I’ve put my heart and soul into my garden. I think I’m making some progress with my goal of creating a stress free garden. We’ve planted a lot of trees – deciduous as well as coniferous. We’ve planted a lot of flowering shrubs and perennials. With plenty of mulch as well as “Silver Brocade” as a ground cover, the weeding as well as watering should be greatly reduced. Of course, there is always work but the biggest grunt work should be almost over. I must remember to invest in soaker hoses. That will also help a lot.
We have lived here for 4 years and 2 months. I am very pleased at the progress. My husband has felled all the Manitoba maples – the last one just a few days ago. Now the clearing is mostly done. There is lots of stuff to burn this winter. Next Spring, we should be ready to channel the springs and dig a pond. Then it’s time to plant out the lower garden. I’m mostly interested in a nice long lawn, planting more trees and shrubs. It will be fun.
Well, here it is: This is the very last time I’m growing tomatoes. Way too much work. I’ll leave it to the experts. If it isn’t fungus it’s critters. I’m tired of fighting them. My time is lots more valuable.
Successes: The jury is still out on eggplant although so far it looks good. Peas, radishes, lettuce, beets, beans and peppers are all success stories.
I seem to have much more luck with cool season vegetables than warm season but eggplant and peppers are warm season so there are exceptions.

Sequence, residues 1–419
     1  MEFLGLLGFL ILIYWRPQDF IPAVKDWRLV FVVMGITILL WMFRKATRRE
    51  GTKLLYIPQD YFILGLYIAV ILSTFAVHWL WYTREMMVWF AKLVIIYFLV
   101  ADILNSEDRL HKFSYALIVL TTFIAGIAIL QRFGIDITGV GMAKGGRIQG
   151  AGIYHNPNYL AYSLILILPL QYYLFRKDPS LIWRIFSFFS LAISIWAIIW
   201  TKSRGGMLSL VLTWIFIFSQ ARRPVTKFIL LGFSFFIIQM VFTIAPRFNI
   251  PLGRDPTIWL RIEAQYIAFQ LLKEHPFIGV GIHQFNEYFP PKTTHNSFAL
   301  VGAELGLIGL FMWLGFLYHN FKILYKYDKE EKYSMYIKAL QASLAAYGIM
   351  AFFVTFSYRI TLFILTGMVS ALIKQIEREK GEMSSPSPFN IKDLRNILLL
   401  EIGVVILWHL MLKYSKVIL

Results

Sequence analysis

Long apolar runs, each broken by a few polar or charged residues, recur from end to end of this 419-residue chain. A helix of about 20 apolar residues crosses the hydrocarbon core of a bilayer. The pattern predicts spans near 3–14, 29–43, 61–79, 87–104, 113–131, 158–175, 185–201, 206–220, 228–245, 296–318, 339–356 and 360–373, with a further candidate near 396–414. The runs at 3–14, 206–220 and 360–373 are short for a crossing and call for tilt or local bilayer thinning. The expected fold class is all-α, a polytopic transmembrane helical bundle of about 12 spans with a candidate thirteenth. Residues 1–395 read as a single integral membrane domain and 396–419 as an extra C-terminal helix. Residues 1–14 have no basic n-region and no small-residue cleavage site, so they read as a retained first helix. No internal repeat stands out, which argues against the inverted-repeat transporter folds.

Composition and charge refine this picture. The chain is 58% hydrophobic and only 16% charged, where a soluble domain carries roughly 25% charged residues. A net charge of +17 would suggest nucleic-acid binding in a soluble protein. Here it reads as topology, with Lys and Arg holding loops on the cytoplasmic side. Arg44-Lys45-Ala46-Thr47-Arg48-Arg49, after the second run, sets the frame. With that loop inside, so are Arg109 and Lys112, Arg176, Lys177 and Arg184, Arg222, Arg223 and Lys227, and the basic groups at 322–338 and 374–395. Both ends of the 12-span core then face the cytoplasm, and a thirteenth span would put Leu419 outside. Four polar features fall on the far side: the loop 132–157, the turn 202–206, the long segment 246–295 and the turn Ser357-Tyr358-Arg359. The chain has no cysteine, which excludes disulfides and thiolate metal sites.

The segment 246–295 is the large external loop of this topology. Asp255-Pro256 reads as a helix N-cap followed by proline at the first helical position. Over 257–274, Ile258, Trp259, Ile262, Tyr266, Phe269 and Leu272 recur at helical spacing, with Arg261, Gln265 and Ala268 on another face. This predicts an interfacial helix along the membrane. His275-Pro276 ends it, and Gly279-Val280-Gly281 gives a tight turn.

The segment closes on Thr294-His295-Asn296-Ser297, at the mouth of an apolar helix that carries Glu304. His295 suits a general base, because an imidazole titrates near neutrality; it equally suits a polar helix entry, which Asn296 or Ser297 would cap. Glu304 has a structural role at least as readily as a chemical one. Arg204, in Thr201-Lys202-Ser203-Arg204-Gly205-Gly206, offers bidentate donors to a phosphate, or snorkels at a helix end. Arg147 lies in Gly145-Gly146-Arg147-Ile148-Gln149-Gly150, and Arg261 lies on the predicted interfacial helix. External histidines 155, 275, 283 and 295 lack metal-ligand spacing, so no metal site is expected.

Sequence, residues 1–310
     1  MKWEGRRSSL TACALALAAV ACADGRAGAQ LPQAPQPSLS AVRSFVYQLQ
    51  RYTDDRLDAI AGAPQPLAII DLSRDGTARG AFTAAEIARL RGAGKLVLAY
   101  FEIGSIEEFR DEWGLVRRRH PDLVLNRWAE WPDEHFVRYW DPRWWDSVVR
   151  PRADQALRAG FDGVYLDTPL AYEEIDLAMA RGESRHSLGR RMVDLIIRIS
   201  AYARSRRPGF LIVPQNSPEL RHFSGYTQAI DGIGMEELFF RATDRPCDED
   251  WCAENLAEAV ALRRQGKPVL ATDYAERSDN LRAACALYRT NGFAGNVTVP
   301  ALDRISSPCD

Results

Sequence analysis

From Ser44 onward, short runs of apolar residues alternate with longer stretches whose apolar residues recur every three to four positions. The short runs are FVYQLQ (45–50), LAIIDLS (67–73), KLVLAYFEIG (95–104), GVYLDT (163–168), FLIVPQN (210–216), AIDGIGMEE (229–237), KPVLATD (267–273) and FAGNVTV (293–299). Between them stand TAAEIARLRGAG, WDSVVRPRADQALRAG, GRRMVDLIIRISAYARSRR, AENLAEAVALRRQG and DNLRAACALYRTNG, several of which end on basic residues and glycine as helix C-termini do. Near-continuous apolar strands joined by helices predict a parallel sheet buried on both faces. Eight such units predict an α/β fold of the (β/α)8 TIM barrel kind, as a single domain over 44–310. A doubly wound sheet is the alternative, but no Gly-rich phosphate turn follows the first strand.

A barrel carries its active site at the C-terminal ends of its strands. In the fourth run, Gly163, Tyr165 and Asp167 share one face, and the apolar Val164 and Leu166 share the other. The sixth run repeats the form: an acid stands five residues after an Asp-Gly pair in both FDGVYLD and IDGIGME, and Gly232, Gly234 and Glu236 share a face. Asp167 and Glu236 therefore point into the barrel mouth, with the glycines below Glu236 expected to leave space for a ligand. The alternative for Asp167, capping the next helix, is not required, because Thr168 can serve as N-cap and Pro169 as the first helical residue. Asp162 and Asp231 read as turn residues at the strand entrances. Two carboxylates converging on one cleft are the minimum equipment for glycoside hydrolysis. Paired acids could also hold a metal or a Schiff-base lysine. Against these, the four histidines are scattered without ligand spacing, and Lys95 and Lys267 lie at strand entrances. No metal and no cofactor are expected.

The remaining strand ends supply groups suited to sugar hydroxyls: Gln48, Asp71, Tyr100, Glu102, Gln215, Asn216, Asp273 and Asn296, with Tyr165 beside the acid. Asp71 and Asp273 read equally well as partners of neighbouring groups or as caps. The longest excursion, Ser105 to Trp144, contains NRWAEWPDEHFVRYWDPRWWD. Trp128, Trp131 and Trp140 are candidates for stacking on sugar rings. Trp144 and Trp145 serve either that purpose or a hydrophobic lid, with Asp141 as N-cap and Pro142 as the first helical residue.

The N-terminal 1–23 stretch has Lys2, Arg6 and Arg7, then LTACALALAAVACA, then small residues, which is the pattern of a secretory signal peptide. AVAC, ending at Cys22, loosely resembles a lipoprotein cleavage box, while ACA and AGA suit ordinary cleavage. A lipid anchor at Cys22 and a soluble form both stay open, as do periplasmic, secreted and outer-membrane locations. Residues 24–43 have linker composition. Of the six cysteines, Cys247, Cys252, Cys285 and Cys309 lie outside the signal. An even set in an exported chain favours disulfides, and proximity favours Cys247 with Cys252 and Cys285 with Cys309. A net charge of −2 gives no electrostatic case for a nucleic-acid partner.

Shrubs and Trees: I can’t complain. They seem to be doing well. I made mistakes but gardening has it’s learning curve.
Discouraged, in a word. Pissed off, in two words. This could easily have been the biggest crop of plum tomatoes, ever. This morning I walked to the kitchen garden and found half eaten tomatoes all over the ground. I am fairly sure it was the work of a skunk or two. I saw holes in the veggie patch – a sure sign. So tonight, I’ll put out the skunk bait. Damn it! All that back-breaking work only to have it all ruined by a smelly beast that nobody likes.
So much for kitchen garden. I will turn it into a patio next year. I’ll make a raised bed for the herbs and lettuce. In the shade yet. With summers getting progressively hotter, we need more shade.
All my maples have black tar spots. All of them!!! I am so angry I want to do something crazy. I don’t know what else can go wrong. We haven’t had any rain although thank God, it’s cooler than it has been. The grass – what grass? That dried up stuff that used to be grass? Well, no rain and I’m not about to waste collected rainwater on grass. I need it for my trees and shrubs. Maybe I should just cement the whole damn yard and call it a day.
Well, that’s how I’m feeling today.
According to the Farmer’s Almanac, the origin of the phrase is this; “Named for the Dog Star, Sirius, which rises and sets with the Sun during this time, the Dog Days are associated with uncomfortable levels of heat and humidity. Thunderstorms are nearly as abundant as ants at a picnic, and the hot, sultry time known as the Dog Days has begun—and lasts 40 days, from July 3 through August 11.”
What that usually means for this part of Ontario is drought. Oh, how I long to hear the roar of thunder and the pelting of rain. My garden needs it. No matter how much I water by hand you can’t replace a good downpour.
Here’s hoping I can keep it all alive until after the dog days.